Generally speaking it is undesirable to allow hosts outside of the local network to use a mail server as a mail relay. Doing so provides an open relay that can be used by third parties to send unsolicited email. For this reason many mail servers are configured not to relay mail, other than from a very select list of IP addresses, often the local network and nothing else. However, in some situations it is desirable to allow end-users outside of the local network to relay email through a server. For example, an employee who is on the road using dial-up connections. Probably the best solution to this problem is to have clients authenticate themselves when sending mail using SMTP AUTH[5]. If this is not possible, POP/IMAP before SMTP may be used.

POP/IMAP before SMTP works by recording the IP address of end-users that are authenticated for POP or IMAP access. These IP addresses are added to a list of IP addresses that are allowed to relay mail. Typically IP addresses on this list are valid for a window of time and are removed from the list once this window expires.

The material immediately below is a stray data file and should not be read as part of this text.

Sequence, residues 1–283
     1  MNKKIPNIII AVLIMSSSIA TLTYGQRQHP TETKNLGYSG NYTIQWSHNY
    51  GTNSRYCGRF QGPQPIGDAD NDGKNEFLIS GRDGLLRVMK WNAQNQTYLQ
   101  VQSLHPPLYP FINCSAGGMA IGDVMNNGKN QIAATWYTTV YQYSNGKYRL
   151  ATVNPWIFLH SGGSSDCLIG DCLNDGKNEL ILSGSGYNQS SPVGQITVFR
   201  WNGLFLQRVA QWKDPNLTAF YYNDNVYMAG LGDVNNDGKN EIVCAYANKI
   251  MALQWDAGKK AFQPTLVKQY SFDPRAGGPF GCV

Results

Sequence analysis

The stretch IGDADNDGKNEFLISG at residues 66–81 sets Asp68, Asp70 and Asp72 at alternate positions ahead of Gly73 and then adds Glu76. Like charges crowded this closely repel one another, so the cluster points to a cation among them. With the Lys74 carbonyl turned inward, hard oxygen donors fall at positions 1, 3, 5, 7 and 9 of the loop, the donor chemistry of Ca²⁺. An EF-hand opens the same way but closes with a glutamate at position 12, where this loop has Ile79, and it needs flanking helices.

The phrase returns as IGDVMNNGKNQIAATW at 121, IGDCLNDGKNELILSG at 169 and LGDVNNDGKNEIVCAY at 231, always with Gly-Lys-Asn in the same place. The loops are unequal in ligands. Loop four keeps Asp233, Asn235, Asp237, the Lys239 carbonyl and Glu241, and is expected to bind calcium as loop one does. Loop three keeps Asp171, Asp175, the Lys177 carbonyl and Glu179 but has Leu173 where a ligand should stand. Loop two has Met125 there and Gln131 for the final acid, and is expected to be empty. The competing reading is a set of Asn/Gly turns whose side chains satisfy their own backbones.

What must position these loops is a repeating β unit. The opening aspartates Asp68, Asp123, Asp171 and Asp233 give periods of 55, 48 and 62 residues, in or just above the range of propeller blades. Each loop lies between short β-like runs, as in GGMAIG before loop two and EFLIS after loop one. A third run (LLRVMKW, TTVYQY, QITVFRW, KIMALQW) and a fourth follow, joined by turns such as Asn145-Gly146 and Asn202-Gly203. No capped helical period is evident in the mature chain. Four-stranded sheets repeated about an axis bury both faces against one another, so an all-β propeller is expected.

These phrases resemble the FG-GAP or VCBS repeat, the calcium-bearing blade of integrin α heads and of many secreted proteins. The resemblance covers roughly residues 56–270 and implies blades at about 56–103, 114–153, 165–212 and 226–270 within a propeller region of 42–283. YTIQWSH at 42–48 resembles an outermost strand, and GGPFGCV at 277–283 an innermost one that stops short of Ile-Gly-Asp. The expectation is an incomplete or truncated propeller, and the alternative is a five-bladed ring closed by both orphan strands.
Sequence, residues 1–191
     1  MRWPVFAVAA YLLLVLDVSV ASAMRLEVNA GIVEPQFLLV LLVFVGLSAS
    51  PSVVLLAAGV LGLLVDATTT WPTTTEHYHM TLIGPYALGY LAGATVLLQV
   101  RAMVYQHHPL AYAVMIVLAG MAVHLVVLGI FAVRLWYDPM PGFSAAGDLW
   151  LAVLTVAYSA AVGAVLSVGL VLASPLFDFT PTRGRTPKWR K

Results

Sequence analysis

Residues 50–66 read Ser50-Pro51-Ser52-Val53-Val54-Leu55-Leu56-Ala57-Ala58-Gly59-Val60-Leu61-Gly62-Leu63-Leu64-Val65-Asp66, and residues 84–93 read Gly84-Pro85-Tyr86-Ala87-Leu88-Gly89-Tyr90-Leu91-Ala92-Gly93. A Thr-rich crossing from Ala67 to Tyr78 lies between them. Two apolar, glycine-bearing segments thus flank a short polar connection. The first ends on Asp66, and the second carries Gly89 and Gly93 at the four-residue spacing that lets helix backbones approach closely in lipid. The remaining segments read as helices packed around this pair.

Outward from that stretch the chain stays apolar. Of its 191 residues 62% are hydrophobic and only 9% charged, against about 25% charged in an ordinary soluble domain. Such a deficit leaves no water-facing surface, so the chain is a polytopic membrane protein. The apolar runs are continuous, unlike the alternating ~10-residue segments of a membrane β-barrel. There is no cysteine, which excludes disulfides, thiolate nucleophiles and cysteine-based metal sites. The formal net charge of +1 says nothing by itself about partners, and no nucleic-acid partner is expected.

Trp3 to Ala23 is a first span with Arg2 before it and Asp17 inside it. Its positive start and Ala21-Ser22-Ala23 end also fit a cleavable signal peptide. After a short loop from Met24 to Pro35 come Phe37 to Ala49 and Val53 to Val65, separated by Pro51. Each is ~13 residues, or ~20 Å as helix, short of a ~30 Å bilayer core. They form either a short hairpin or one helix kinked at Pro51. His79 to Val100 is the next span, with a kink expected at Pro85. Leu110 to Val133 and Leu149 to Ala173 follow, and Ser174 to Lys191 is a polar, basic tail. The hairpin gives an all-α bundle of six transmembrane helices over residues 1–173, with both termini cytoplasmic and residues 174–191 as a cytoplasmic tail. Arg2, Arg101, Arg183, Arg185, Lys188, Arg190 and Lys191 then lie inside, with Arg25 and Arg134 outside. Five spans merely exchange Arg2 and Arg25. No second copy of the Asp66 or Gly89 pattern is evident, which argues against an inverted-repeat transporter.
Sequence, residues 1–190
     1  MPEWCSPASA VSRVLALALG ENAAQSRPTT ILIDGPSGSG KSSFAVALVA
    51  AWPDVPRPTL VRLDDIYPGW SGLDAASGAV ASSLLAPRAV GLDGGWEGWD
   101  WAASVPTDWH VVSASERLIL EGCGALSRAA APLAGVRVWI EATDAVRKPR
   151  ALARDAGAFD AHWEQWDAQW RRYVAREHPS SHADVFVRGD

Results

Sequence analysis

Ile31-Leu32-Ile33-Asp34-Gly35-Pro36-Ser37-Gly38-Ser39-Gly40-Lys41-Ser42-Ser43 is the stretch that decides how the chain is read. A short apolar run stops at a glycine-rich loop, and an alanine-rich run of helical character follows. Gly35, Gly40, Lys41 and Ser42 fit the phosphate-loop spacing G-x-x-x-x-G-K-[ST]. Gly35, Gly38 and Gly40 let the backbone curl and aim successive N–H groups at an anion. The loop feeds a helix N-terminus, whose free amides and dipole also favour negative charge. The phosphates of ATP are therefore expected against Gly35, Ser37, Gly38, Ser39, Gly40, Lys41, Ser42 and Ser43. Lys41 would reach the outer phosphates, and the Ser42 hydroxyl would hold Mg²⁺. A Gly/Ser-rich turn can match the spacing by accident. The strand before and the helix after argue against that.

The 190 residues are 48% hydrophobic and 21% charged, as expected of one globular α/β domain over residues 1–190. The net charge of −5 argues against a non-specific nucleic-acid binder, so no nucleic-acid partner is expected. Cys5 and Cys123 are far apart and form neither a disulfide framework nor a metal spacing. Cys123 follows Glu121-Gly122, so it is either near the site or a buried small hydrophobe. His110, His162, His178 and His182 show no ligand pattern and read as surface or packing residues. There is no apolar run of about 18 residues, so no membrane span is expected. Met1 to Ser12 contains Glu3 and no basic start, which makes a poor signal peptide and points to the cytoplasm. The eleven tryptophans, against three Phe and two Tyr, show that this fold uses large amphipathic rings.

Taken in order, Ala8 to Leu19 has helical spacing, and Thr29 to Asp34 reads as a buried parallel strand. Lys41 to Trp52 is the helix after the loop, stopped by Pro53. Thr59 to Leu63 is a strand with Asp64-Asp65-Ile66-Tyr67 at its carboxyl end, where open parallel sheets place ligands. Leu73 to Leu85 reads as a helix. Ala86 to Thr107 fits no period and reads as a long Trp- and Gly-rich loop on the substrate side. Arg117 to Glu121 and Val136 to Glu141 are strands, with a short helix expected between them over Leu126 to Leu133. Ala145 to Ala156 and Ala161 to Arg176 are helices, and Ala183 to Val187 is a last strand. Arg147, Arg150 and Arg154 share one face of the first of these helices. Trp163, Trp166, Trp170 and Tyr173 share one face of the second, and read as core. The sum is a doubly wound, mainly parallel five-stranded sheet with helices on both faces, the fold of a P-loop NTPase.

Perdition logs connections in three phases to allow it to work in conjunction with POP/IMAP before SMTP software which monitors logs and maintains a list of IP addresses that may be relayed.

When a user connects:


When a user is authenticated:

Auth: <source_ip_address> user=<username> server=<servername> port=<port> status=failed|ok

When a user disconnects:

Close: <source_ip_address> user=<username> received=<bytes> sent=<bytes>